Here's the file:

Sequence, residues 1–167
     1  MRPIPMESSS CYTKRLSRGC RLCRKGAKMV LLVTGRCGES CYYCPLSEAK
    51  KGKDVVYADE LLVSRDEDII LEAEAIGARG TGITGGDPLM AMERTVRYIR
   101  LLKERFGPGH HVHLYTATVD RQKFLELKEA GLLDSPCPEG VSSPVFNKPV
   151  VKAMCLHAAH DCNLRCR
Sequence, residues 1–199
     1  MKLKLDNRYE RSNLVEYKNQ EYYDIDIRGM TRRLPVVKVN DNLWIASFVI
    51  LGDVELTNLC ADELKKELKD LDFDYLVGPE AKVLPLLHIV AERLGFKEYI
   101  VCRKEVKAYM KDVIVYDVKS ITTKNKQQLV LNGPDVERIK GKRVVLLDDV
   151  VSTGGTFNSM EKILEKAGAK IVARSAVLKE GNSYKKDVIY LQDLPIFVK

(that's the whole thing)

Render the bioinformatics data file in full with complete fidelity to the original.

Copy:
Sequence, residues 1–167
     1  MRPIPMESSS CYTKRLSRGC RLCRKGAKMV LLVTGRCGES CYYCPLSEAK
    51  KGKDVVYADE LLVSRDEDII LEAEAIGARG TGITGGDPLM AMERTVRYIR
   101  LLKERFGPGH HVHLYTATVD RQKFLELKEA GLLDSPCPEG VSSPVFNKPV
   151  VKAMCLHAAH DCNLRCR
Sequence, residues 1–199
     1  MKLKLDNRYE RSNLVEYKNQ EYYDIDIRGM TRRLPVVKVN DNLWIASFVI
    51  LGDVELTNLC ADELKKELKD LDFDYLVGPE AKVLPLLHIV AERLGFKEYI
   101  VCRKEVKAYM KDVIVYDVKS ITTKNKQQLV LNGPDVERIK GKRVVLLDDV
   151  VSTGGTFNSM EKILEKAGAK IVARSAVLKE GNSYKKDVIY LQDLPIFVK